teens

At two years old, Robert Irwin lost his dad Steve Irwin. This is his life now.

At two years old, Robert Irwin lost his dad. 

There was collective grief across Australia and the world when Steve Irwin died at the age of 44, a stingray killing him while he was filming a documentary on the Great Barrier Reef, back in 2006.

But for Robert, his sister Bindi and their mum Terri, their grief was personal. Because to them, Steve Irwin wasn't just an iconic Aussie figure and "crikey" chanting wildlife warrior – he was their best friend.

14 years on, Robert is now 18 and ready to carve out his own path, as well as continuing to uphold his dad's legacy with Australia Zoo on the Sunshine Coast.

While entering adulthood is fun and exciting, Robert said this week that it's also a little bittersweet. Because he wishes his dad was here to guide him through it all.

Watch: Terri Irwin speaks about Steve Irwin's death. Post continues below.


Video via ABC.

Robert says he still has some memories of his dad. But of course, given his dad's fame and television work, Robert said to Esquire he's thankful to have so many photos and video footage to look back on.

"I remember, actually, every day, every morning, before school, we would want to watch TV and instead of watching cartoons in the morning for breakfast, I'd watch the old documentaries of dad, working with animals. I absolutely loved that so much, and it really made me feel close to him," he said.

"I feel very lucky to have so much captured on camera because whenever a moment starts to fade, whenever I start to forget, I can look back at all this old footage and it completely sparks these memories. That's something I cherish more than anything."

As many have come to see, Robert and Steve appear to be very similar. Terri said to the Courier Mail, that she often picks up on it: the gestures and expression, the fact Robert has won prestigious awards for his wildlife photography, or how he speaks passionately about the environment.

ADVERTISEMENT

And in a new profile with Stellar Magazine, Robert has proven he is well and truly his own person now, having fun with fashion, photoshoots, chatting about dating, and what the future holds.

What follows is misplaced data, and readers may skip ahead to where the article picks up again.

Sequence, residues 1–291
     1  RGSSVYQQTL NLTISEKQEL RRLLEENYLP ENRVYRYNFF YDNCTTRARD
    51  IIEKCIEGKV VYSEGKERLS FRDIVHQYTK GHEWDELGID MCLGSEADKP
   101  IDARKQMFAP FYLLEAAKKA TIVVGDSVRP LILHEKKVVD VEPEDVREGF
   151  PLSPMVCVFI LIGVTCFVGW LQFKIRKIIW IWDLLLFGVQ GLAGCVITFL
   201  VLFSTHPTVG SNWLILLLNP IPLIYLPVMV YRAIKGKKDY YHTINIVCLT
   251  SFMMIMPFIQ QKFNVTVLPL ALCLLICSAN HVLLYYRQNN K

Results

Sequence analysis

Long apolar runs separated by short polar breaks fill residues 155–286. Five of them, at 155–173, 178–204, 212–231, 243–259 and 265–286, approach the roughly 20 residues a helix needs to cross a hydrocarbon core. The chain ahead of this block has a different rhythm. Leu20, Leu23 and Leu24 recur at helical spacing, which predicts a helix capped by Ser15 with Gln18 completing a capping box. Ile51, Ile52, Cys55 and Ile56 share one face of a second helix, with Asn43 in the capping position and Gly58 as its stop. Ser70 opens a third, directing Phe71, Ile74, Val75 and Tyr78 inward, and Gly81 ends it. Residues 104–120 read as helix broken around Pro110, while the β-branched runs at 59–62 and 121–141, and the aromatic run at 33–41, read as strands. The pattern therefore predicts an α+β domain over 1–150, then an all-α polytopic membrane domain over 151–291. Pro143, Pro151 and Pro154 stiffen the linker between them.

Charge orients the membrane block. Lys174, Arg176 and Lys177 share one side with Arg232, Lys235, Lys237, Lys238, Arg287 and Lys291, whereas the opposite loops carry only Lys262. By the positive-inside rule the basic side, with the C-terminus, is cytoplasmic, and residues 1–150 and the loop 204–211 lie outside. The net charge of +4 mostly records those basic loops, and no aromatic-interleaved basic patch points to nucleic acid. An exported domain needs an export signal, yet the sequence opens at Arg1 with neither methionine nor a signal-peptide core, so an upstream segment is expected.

"I definitely want to experiment and try new things," he said. 

"I want to forge my own path and I'm really passionate about photography. I love being behind the camera. I am working on a coffee-table book with my photography that I'm going to be releasing later this year."

Speaking with Stellar, Robert said it's been the past two years or so that he has felt his dad's absence more than ever. 

"Man, I wish he was here! Because I am sort of stepping into adulthood, having turned 18, and navigating that is hard enough [but] when you are in my situation, and you don't have a father figure to guide you through, it's really hard," he said.

ADVERTISEMENT

Recently, Bindi and her long-term partner Chandler married, and have since welcomed daughter Grace. At the time of the wedding, Terri confirmed to Courier Mail: "Bindi has asked Robert to walk her down. Which I think is so right, I know Steve would feel the same way too."

Reflecting on the "missed milestone", Robert said he was thankful to fulfil that role for his sister, but also said, "that was dad's job. That wasn't mine". 

"It's just these bittersweet moments that you get all the time."

Since Bindi, now 23, is happily married herself and with a young child, Robert said he's been feeling a bit of urgency from his sister suggesting he should "hurry up" and find a long-term partner too.

But love isn't something he wants to rush.

"She's like, 'You're 18, Robert, what's going on? Pick up the pace!' By 18, she and Chandler had already been together for a couple of years. So, it happened pretty quick [for Bindi to find love]. But that doesn't happen very often. So, I'm still looking. I am in no rush. It'll happen when it happens.

"If they're not ready to don the khaki and go feed crocs? Mate, it's not happening!"

ADVERTISEMENT

Given Robert's environmentalism and passion for wildlife, it makes sense that he wants to stay in the documentary space, while also pursuing photography. 

"I'm kind of coming into this role where I'm starting to learn more and travel more and do a bit more independently," he said recently

"I'm looking forward to, as I become an adult, starting to be more involved with the running of Australia Zoo and really become involved in every facet that we do here, not only the wildlife side of it but the business side of it."

Listen to The Quicky. Post continues after podcast.


And given the impact of the pandemic on Australia Zoo as a business, it's all hands on deck.

ADVERTISEMENT

"She [Terri] is the most incredible fearless leader who took us through this incredibly difficult time," Robert told The Morning Show.

"The only reason that I think we're still here and all of our conservation work can continue is because of mum... I think she's pretty amazing. She's a superwoman for sure."

Robert also credits his mum for keeping his dad's legacy alive – something Robert said he wishes to continue.

"Everyone's really passionate about making sure that if they have a story about Dad, then they share it with me. I love when people – even people who don't work at the Zoo but who met Dad – come up and say, 'Hey, I met your dad and here's the story'," he said to Stellar.

"Every time I see a new piece of footage or a photo that I hadn't seen before, or someone tells me a story I get a little piece of him. And that means a great deal to me."

Feature Image: Stellar/Instagram @robertirwinphotography.